SAN FRANCISCO (KPIX 5) — It’s an open secret in the airline industry: A flawed design in almost all airplanes is putting flight attendants and pilots at risk, and passengers can unknowingly become victims as well.

On July 16, 2018, at 3:43 p.m., Flight 1097 from Washington Dulles bound for Los Angeles made an emergency landing in Kansas City. The pilot told the control tower that there were sick passengers on board.

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“People were being hospitalized,” said an Alaska Airlines flight attendant. We’re calling her Jane to keep her identity a secret and to protect her from feared retaliation.

“My understanding is that the crew felt symptoms of nausea, itching throat. That is what caused the diversion,” said Jane.

She said contaminated air leaked into the cabin on that diverted flight and that it wasn’t the first time it had happened.

Dozens of co-workers and passengers have recently been sickened by those odors. It is what’s known in the industry as a “fume event” and it has happened on different planes in Alaska’s newly acquired Virgin America fleet.

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The workers have been sharing their experiences among themselves in internal emails, complaining that management isn’t taking them seriously. But all are fearful of speaking out.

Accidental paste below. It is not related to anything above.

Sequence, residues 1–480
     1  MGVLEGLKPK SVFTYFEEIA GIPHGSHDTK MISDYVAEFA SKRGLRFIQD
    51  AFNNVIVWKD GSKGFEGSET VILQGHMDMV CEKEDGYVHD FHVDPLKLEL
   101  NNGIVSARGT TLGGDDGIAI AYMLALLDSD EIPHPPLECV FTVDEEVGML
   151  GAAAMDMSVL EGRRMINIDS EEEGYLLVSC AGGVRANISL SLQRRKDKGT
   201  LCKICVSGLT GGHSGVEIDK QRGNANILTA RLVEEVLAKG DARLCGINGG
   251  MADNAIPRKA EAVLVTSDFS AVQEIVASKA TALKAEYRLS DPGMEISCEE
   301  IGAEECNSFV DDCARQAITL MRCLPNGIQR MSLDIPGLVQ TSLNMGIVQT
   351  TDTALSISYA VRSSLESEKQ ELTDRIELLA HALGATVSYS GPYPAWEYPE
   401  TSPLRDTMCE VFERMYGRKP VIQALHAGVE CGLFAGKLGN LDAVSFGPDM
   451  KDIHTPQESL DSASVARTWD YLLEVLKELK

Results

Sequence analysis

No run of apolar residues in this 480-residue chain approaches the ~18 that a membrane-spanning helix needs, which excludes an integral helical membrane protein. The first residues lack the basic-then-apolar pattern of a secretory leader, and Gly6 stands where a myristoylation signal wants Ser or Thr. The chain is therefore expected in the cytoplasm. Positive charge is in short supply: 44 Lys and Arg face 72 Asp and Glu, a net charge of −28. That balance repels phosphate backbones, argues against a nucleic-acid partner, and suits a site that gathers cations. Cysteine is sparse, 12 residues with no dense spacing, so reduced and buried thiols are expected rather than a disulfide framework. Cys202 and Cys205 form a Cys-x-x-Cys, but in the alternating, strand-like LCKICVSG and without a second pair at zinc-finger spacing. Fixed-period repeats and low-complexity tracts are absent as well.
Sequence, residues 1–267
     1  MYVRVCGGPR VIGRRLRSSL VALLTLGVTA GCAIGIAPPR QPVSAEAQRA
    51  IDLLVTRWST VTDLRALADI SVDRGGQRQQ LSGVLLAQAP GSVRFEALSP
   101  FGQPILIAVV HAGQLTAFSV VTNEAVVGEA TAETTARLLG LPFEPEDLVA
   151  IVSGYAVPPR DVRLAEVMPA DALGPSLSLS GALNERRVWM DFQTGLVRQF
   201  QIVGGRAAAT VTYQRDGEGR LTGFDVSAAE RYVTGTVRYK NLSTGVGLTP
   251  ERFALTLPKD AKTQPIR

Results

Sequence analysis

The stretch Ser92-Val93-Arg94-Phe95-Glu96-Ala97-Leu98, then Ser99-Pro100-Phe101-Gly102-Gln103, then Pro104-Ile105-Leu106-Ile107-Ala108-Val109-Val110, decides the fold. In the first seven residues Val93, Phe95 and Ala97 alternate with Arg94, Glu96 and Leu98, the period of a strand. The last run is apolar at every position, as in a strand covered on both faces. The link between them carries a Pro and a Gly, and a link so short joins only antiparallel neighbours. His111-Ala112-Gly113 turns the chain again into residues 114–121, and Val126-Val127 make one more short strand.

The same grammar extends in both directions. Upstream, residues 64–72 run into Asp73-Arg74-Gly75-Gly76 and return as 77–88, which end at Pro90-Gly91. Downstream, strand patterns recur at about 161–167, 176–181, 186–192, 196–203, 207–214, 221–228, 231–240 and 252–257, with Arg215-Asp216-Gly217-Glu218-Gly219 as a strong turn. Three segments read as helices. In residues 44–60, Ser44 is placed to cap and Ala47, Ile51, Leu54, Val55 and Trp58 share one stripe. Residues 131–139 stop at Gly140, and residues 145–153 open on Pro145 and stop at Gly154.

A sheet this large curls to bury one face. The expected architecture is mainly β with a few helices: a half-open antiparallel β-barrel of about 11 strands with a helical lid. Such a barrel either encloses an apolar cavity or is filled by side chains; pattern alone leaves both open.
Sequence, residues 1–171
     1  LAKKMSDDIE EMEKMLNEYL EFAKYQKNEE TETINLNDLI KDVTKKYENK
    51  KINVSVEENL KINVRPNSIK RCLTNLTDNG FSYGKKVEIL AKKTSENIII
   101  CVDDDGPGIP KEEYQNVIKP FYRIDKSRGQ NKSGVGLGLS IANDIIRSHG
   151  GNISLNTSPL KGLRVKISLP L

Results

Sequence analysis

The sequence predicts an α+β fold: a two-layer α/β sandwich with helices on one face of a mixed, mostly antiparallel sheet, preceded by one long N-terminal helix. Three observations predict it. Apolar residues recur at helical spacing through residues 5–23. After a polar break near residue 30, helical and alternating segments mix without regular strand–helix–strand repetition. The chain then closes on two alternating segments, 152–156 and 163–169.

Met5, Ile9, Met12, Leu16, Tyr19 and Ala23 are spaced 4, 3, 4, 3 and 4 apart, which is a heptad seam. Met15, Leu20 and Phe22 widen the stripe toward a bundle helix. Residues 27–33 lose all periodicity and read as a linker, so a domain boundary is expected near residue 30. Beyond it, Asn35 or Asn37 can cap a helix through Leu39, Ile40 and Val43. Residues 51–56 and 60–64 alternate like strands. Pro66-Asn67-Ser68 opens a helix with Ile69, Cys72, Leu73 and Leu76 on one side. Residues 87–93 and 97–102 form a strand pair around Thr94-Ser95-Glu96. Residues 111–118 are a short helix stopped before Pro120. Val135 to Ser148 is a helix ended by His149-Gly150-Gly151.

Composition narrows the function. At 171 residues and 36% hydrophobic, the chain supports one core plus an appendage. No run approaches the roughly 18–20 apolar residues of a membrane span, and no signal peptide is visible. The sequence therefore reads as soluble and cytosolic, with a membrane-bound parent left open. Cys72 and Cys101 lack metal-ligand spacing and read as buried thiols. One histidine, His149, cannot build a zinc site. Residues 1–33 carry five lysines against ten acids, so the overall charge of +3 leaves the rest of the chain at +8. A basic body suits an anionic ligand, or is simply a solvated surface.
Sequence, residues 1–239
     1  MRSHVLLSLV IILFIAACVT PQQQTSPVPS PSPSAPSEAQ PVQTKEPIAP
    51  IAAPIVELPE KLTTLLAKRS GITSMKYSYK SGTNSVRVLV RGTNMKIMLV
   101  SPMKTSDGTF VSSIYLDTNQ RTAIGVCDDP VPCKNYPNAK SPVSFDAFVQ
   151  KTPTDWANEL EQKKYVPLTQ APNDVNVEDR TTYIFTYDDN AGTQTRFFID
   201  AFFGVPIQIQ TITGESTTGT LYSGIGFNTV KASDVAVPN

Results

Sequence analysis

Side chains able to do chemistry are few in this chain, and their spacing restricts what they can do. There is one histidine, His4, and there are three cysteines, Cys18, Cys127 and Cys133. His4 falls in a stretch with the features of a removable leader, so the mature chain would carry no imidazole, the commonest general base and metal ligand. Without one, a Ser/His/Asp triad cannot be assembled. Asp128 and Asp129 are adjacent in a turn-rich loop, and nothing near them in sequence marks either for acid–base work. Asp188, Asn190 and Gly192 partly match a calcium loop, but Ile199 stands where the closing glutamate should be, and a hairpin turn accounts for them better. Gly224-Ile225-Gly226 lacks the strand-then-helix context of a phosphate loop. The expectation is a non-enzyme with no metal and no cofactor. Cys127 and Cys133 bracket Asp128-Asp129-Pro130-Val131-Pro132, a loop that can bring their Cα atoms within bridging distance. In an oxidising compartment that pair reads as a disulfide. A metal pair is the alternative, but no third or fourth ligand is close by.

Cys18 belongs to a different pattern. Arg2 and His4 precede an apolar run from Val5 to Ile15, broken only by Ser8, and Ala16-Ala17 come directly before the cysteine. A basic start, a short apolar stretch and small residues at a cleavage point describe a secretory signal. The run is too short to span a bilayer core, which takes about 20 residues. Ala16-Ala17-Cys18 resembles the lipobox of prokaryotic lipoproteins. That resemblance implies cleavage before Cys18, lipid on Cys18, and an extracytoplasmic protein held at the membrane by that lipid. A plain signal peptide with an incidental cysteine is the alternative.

“Anybody who is trying to communicate about these instances, they have been pulled in by the company and threatened with their jobs,” said Jane.

KPIX 5 obtained an audio clip of a recent Alaska Airlines conference call in which employees were warned to keep all discussion of fumes private.

“We have a very strict social media policy,” a voice was heard saying on the audio recording. “We will investigate those instances where people do not abide by the policy and the infraction can lead to termination, so please keep that in mind.”

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The Federal Aviation Administration and the airline industry said the so-called fume events are extremely rare, with less than 33 occurring in every one million aircraft departures. But reporting is only required if the airline determines the fume event is linked to an aircraft component problem.

Many times airlines determine it is not, which means that not all crew complaints are reported.

The travelling public is, for the most part, unaware that they could be at risk. One recent lawsuit called it the airlines’ “dirty little secret.”